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ENCHANTED(director: Kevin Lima; screenwriter: Bill Kelly; cinematographer: Don Burgess; editor: Stephen A. Rotter/Gregory Perler; music: Alan Menken/with songs by Mr. Menken and Stephen Schwartz; cast: Amy Adams (Giselle), Patrick Dempsey (Robert Phillip), James Marsden (Prince Edward), Timothy Spall (Nathaniel), Idina Menzel (Nancy Tremaine), Rachel Covey (Morgan Phillip), Susan Sarandon (Narissa), Kevin Lima and Jeff Bennett (Pip); Runtime: 107; MPAA Rating: PG; producers: Barry Josephson/Barry Sonnenfeld; Walt Disney Pictures; 2007)
“It makes for good family viewing.”

Reviewed by Dennis Schwartz

Kevin Lima (“Tarzan”/”A Goofy Movie”/”102 Dalmatians”) joyfully directs this Disney classic fairytale story and gives it a modern twist–the damsel rescues the prince. It makes for good family viewing, whereby it’s pleasing to both child and adult. It’s basically the ‘Snow White’ story retold, but gets a reality check by showing its live action in a bustling New York City–“the place where there are no happily-ever-afters.” The opening ten minute scene is animated in a fairytale land called Andalasia. The pretty sweetheart Giselle (Amy Adams) is rescued from a monster by the handsome and dashing Prince Edward (James Marsden), and he proposes to her on the spot. But Edward’s wicked stepmother, evil Queen Narissa (Susan Sarandon), shoves the naive Giselle down a deep well and she comes up from a manhole cover and lands in the busy streets of Times Square–pictured as hell. The motivation behind this evil act, is because the bitchy Queen Narissa is afraid that Giselle will steal her crown.

Giselle, though ever cheery and optimistic, is confused by the crowds, is drenched by a downpour, feels out of place walking around in a wedding dress, and when she tries to befriend a homeless man she’s robbed of her crown. Mistaking the castle on a billboard for real, she’s rescued while falling down from the billboard by single parent divorce lawyer Robert (Patrick Dempsey), whose 6-year-old daughter, Morgan (Rachel Covey), has no trouble buying into Giselle’s tale that she’s about to become a princess. The cynical Robert allows Giselle to spend the night in his luxurious apartment. But there’s a misunderstanding when Robert’s girlfriend for the last five years and would-be wife Nancy (Idina Menzel), comes over in the morning and finds the attractive Giselle, clad only in a towel, sitting atop of Robert, clad in pajamas, just outside the bathroom. Robert can’t shake Giselle in Central Park and relents to let her stay. Also coming down the well to the Big Apple is the evil queen’s henchman Nathaniel (Timothy Spall), his orders are to kill Giselle with a poison apple. He’s followed to NYC by the charming guileless prince Edward, a song-and-dance man in costume and brandishing a sword, and the friendly to Giselle animated chipmunk named Pip (the voice of Kevin Lima and Jeff Bennett). When Nathaniel fails to poison Giselle, Narissa magically appears at a NYC ball and in a CGI climax is prevented from killing Giselle. Everything gets resolved in the usual magical Disney way, as the fairytale story that mixes live action with animation comes to a happy Once Upon A Time ending.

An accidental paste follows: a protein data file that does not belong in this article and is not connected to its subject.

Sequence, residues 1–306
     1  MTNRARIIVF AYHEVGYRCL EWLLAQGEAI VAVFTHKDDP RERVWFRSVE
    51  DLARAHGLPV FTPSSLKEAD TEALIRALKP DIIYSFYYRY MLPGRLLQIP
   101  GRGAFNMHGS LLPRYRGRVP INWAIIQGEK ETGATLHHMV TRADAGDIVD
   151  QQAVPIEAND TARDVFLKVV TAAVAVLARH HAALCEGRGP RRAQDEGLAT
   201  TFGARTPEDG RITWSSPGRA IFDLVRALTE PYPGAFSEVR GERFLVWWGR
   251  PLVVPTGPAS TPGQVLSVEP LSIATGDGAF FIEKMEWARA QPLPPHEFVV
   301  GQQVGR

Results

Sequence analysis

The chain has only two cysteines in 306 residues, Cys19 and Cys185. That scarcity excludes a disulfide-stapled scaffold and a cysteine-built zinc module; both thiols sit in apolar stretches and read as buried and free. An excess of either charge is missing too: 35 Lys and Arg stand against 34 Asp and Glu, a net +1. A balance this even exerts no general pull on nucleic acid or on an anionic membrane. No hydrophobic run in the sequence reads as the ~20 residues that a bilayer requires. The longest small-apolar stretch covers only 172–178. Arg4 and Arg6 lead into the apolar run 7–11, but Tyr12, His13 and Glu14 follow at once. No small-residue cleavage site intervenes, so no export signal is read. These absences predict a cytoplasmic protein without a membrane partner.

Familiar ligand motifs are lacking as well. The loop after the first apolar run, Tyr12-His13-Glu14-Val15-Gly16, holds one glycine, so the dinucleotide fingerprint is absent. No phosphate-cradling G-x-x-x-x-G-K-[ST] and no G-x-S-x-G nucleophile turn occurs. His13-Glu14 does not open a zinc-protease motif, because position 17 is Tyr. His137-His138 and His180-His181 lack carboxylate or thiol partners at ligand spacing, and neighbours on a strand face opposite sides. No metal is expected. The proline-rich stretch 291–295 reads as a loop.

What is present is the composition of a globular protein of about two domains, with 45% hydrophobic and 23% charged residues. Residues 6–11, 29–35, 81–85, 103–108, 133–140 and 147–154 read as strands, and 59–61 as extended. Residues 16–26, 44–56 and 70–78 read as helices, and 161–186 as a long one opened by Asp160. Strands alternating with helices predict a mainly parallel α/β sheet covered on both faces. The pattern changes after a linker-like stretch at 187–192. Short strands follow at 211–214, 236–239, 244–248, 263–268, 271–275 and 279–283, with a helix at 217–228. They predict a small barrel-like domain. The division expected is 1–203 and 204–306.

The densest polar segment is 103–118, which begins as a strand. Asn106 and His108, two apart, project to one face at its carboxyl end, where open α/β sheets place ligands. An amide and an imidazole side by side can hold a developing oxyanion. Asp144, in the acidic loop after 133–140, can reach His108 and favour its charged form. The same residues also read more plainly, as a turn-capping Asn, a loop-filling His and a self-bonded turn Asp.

The lighthearted and corny happily-ever-after film has some genuine fun gently spoofing its fairytale lineage without losing its fairytale story, the songs by Alan Menken and Stephen Schwartz though bland were easy to take, the upbeat sugary story not meant to be believable but awe inspiring was just that and James Marsden took the mickey out of everybody with his wonderfully uplifting humorous performance. Everything about the film made it easy to let your hair down and get with the wicked fun even if you really do not trust a Disney heroine whose posse consists of forest animals and she courts only handsome men with either titles or wealth.


Dennis Schwartz: “Ozus’ World Movie Reviews”